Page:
Guelord Kabengele

“Volunteer”, for me, this word evokes being at the service of others without expecting anything in return.

A few weeks after I arrived in Canada, I heard about Chantiers jeunesse through CANAVUA (Canadian Volunteers United in Action)

Curious to see how it worked, I agreed to participate in my first project, but as a Black person, I was afraid. Afraid of rejection, and afraid of racism.

I arrived at the project site to a joyous welcome from Sarah, our project leader, and her co-worker. She introduced me to the other volunteers, who came from different countries and different Canadian provinces, with a big smile. After such a warm welcome, I felt like I was coming home. I put down my bags and shook off the fear of racism that I walked in with.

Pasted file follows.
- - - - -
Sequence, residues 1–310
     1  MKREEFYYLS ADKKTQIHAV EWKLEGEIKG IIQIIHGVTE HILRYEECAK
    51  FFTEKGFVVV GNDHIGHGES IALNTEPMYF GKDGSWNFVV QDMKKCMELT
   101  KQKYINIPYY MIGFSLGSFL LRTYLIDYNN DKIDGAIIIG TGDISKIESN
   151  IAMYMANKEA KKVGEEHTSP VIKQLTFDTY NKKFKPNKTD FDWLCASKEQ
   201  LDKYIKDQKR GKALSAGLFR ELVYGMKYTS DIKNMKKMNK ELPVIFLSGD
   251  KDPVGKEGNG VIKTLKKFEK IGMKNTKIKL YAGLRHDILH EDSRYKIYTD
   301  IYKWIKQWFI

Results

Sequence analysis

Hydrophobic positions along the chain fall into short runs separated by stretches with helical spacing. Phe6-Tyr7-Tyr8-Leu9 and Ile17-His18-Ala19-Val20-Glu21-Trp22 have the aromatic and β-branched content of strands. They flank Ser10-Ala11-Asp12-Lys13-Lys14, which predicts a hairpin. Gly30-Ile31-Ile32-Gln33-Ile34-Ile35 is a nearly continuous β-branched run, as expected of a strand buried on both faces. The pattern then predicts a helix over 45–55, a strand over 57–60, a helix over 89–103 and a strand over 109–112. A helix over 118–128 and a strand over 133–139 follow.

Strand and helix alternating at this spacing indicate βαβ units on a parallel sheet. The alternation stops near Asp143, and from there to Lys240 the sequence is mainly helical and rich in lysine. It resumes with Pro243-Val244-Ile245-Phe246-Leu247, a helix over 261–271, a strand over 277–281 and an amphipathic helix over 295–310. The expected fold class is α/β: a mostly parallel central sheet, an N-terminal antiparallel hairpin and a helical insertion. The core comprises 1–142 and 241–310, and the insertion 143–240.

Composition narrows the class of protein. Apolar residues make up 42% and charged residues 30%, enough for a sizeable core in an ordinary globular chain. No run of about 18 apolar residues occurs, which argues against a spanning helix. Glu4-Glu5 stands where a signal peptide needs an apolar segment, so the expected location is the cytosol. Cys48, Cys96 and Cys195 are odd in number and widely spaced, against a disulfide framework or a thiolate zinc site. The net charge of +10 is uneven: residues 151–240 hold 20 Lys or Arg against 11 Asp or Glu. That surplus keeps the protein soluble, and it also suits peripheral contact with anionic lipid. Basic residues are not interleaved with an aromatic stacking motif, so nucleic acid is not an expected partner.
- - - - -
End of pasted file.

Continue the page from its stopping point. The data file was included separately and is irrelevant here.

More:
By the way, a smile and a great welcome is a sure-fire way to guide people towards a community and encourage them to work towards the community’s goals.

In that way, I left my fear of racism behind and came to realize that friendship has no language.

I had a friend from Mexico who called me Amigo. He didn’t speak French and I didn’t speak Spanish. Neither one of us spoke a language that the other understood, but we became surprisingly close and shared laughs, to everyone else’s confusion. “How do they communicate?” some of the volunteers wondered. We are still friends to this day.

Then we started working. Every volunteer selflessly helped the community based on their different responsibilities and I left the site with a great story to tell and new experiences.

As I said in the beginning, acts of service without getting anything in return don’t really exist. There’s always some benefit that we take away. Even the joy that motivates us to help others is a benefit that shouldn’t be overlooked.

Since 2018, I’ve done 3 projects. As I will soon turn 31, it’s my last year as a youth volunteer. I have no regrets.

Guelord Kabengele – CJ Ambassador